International research team develops polymer to fight oil spills

Oil spillOil spills gained worldwide attention after the explosion at BP's Deepwater Horizon offshore rig. (Image source: Green Fire Productions/Flickr)A research team led by scientist Justin Chalker, senior lecturer in Synthetic Chemistry at Flinders University, has come up with an absorbent polymer to soak up oil from spills

The substance, made from waste products from the petroleum and refining industries, is capable of cleaning up crude oil and diesel spills.

The team of researchers used canola oil from cooking, sulphur and sodium chloride to make the material.

Since the polymer, made from sulphur and cooking oil, has an affinity for hydrocarbons such as crude oil and diesel fuel, it can rapidly remove them from seawater.

According to a blog post on Flinders University’s website, lab tests showed the polymer’s ability to absorb the oil and diesel from water within a minute of the solution being sprinkled.

The research is supported by the Australian Government National Environmental Science Program (NESP), Australian Research Council (ARC), Royal Australian Chemical Institute, Australian Microscopy and Microanalysis Research Facility, Australian National Fabrication Facility, FCT Portugal, The Royal Society, Engineering and Physical Sciences Research Council and European Research Council.

Moreover, the polymer can also be squeezed to recover the oil absorbed and reused.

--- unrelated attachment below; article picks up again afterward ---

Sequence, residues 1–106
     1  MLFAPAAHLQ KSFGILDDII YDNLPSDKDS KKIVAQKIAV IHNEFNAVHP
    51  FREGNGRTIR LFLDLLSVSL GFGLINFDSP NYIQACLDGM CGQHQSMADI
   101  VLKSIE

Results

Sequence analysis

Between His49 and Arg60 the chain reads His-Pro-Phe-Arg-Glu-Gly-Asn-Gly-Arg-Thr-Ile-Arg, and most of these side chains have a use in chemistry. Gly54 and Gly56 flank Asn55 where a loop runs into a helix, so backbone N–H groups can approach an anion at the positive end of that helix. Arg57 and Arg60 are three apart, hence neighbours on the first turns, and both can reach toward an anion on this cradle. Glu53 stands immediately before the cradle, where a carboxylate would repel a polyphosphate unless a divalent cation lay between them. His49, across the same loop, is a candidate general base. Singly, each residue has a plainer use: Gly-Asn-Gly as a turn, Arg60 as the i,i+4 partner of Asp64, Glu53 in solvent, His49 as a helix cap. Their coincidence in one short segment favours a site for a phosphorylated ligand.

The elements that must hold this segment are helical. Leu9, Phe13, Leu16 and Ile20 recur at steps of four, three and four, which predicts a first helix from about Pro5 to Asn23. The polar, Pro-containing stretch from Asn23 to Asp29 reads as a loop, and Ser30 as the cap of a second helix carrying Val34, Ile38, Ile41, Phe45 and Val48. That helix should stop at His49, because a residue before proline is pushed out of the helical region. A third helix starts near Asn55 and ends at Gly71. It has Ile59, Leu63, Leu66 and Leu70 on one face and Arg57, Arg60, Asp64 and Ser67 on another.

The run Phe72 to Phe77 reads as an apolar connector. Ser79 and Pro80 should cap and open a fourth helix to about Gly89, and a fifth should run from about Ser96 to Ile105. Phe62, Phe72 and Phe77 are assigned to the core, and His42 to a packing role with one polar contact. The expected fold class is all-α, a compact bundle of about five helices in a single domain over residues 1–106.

“This is an entirely new and environmentally beneficial application for polymers made from sulphur.This application can consume excess waste sulfur that is stockpiled around the globe and may help mitigate the perennial problem of oil spills in aquatic environments,” said Chalker.

About 7000 tons of crude oil spilt into oceans from tankers in 2017, according to the International Tanker Owners Pollution Federation.

Oil spills gained worldwide attention after an explosion at BP’s Deepwater Horizon offshore rig spilt about 4.9mmbbl of crude oil into the Gulf of Mexico.

Developing economies in Asia and particularly Africa, which have seen a string of large deepwater finds, could make use of the polymer to curtail environmental damage in the event of an oil spill.

“This is a new class of oil sorbents that is low-cost, scalable, and enables the efficient removal and recovery of oil from water,” Chalker added.

The team’s research is published in the new paper, Sustainable Polysulfides for Oil Spill Remediation: Repurposing Industrial Waste for Environmental Benefit, published in Advanced Sustainable Systems (Wiley) by Flinders and other researchers.

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